my $t = abs($h%12*30-$m*5.5);
      return $t > 180 ? 360-$t : $t;

    sub clock_angle_1_liner {

    sub clock_angle_fast {

The results:

               Rate    std 1-line   fast
    std    283286/s     --   -56%   -61%
    1-line 645161/s   128%     --   -12%
    fast   735294/s   160%    14%     --

Adam Russell

additional languages: Prolog

Adam provides a nice example of a condensed version of the equation, with shades of reworking it into a forward-only direction. Starting from the original we’ve seen already:

angle = | hours × 30 + (minutes × 30)/60 - minutes × 6 |
→ hours × 30 + minutes × 0.5 - minutes × 6
→ hours × 30 - minutes × 5.5;
→ (hours × 60 - minutes × 11) ÷ 2

Note the 11, we’ll be seeing that number, twice 5.5, again. Doing things this way reduces the computation to a single floating-point calculation.

    sub clock_angle{
        my($h, $m) = split(/:/, $_[0]);
        my $angle = abs(0.5 * (60 * $h - 11 * $m));
        $angle = 360 - $angle if $angle > 180;
        return $angle;


Abigail, and Jorg Sommrey

In an alternative, several people observed that in any given minute, when viewed in a clockwise fashion, the minute hand and hour hand of a clock will diverge 5.5°. Astute observer will have noticed this value occurring in earlier versions of the equation, and this is not coincidental.

The variation in these methods comes from reinterpreting the implementation of the circular math that resolves angles around a circle.


additional languages: Awk, Bash, Bc, Befunge-93, C, Go, Java, Lua, Node, Pascal, Python, R, Ruby, Tcl

Abigail observes that by computing the minutes since midnight (or noon, as the case may be), the total divergence is a simple multiplication by that 5.5°, which can then be resolved to the final angle using modulo math.

Abigail carefully lays out the reasoning in the method, with bonus snark. As the calculated angles are generally quite large a modulo operation is required; the integer limitation is worked around by multiplying everything by 2, effectively doing the calculations in whole half-minutes. They then can perform modulo operations by 720, which does work correctly, as all the values are always integers.

    my $MIN_PER_HOUR    =  60;
    my $DIFF_PER_MINUTE =  11;  # Half degrees

    my $FULL_CIRCLE     = 720;  # Half degrees

    while (<>) {
        my ($hours, $minutes) = /[0-9]+/g;

        # Every minute, the angle between the hour and minute hand

        # increases by 5.5 degrees. So, we will calculate how many

        # minutes have passed since 00:00, multiply this by 11, giving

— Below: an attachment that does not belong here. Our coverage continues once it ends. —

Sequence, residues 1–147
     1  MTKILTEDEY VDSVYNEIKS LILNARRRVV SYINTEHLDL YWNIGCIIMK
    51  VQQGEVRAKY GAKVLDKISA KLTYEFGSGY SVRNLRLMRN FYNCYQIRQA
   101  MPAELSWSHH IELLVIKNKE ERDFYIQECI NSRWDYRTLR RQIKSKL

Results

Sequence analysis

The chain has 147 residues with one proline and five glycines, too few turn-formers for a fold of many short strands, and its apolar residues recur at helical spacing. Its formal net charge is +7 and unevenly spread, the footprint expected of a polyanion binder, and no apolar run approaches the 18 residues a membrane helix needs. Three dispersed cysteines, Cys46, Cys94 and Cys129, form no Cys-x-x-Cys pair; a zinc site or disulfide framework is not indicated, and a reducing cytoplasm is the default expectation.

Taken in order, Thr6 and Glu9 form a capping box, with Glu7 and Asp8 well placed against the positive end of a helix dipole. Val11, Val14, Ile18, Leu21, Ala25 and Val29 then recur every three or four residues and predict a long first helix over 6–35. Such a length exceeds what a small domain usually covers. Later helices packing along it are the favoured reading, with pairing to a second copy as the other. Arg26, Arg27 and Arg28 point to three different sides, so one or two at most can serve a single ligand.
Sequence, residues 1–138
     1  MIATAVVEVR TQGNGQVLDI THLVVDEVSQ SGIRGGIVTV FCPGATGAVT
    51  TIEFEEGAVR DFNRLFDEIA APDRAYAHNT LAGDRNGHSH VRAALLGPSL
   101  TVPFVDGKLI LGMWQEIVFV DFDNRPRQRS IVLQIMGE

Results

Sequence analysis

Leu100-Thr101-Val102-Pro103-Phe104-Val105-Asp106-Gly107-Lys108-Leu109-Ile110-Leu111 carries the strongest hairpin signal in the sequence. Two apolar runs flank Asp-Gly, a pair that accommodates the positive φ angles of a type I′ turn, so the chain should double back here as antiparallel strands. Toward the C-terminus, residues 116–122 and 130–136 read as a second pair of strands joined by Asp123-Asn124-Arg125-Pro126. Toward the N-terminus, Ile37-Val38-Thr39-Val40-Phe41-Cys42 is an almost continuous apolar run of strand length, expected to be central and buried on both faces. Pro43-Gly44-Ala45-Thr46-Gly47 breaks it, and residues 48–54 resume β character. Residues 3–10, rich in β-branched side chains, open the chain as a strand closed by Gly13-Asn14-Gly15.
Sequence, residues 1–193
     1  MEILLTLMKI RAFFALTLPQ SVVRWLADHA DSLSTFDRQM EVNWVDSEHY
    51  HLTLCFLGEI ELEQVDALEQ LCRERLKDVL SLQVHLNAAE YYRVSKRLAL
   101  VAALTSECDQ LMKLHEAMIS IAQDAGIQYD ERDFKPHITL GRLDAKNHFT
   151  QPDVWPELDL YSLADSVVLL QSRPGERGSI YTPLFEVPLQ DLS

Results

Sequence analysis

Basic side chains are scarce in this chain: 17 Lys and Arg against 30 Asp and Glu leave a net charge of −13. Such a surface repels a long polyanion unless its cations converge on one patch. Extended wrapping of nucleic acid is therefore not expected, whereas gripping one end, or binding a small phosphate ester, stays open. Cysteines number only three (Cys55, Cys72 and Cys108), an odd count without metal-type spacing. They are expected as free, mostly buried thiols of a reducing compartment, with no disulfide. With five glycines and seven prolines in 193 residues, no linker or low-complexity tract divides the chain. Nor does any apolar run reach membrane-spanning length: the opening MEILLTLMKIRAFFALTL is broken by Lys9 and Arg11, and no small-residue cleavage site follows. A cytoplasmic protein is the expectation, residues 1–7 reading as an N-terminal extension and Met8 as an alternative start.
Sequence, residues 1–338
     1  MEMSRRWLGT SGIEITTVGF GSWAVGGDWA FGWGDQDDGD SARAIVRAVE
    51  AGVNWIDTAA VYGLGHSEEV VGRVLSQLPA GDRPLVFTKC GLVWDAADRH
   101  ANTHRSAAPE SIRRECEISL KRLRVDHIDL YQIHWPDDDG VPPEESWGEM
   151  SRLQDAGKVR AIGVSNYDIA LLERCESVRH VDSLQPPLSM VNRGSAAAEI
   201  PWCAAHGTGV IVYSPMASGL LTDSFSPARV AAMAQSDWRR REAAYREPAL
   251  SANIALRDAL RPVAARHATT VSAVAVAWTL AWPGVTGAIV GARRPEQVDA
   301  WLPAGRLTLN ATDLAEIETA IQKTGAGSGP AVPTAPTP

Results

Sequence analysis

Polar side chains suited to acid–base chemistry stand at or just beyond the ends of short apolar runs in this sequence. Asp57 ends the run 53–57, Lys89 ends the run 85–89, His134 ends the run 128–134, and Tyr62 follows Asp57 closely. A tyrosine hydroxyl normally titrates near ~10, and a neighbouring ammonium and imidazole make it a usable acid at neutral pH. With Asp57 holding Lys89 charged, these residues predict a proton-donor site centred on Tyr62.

# us the number of half degrees between two hands.

        # We normalize the angle by modding it by 720. To get the smaller

        # angle, if the angle is more than 360, we subtract the angle

        # from 720 (the full circle).


        # Finally, we divide by 2, to get the answer in degrees.



        # Note that this is going to work regardless whether the

        # time is given in 12 hour format, a 24 hour format, or

        # the silly format Americans use.


        my $angle = ($DIFF_PER_MINUTE * ($hours * $MIN_PER_HOUR + $minutes)) %
           $angle =  $FULL_CIRCLE - $angle if 2 * $angle >= $FULL_CIRCLE;

        say $angle / 2;

Jorg Sommrey

Jorg works with the same material, of course, but makes a different observation about the circular periodicity, coming up with a slightly different take on subtracting from 360°, using not one but now improved with two absolute value operations.

    # To find the smaller angle between the hands we need a "double

    # triangular" function in the range (-2m, 2m) with this shape:


    # m     /\      /\

    #      /  \    /  \

    #     /    \  /    \

    # 0  /      \/      \

    #  -2m  -m  0   m   2m


    # which is provided by: f(x) = m - abs(m - abs(x))


    # The minute and hour hands move 6° and 0.5° per minute respectively,

    # resulting in a difference of 5.5° per minute.

    sub clock_angle ($time) {
        # The accepted time format is [H]H:MM.  Distinguishing between

        # invalid time strings and a zero degree angle.

        $time =~ /^([01]?\d|2[0-3]):([0-5]\d)$/ || undef and
            180 - abs 180 - abs $1 % 12 * 30 - 5.5 * $2;

Additional Submissions in Guest Languages

Cheok-Yin Fung

additional languages: Bash ALTERNATIVE

Jaldhar H. Vyas

additional languages: Raku FORMULA H*30+M*0.5

Paulo Custodio

additional languages: Ada, Awk, Basic, Bc, C, C++, D, Forth, Fortran, Lua, Pascal, Python

Stuart Little

additional languages: Haskell, Lua, Node, Python, Raku


That’s it for me this week, people! Warped by the rain, driven by the snow, resolute and unbroken by the torrential influx, I somehow continue to maintain my bearings. Looking forward to next wave, the perfect wave, I am: your humble servant.

But if Your THIRST for KNOWLEDGE is not SLAKED,

then RUN (dont walk!) to the WATERING HOLE

and READ these BLOG LINKS:

( don’t think, trust your training, you’re in the zone, just do it … )


Adam Russell

Arne Sommer

Cheok-Yin Fung

Colin Crain

Dave Jacoby

Flavio Poletti

Jaldhar H. Vyas

James Smith

Jared Martin

Laurent Rosenfeld

Luca Ferrari

Roger Bell_West

Simon Green

W. Luis Mochan


If you have any suggestions or ideas then please do share with us.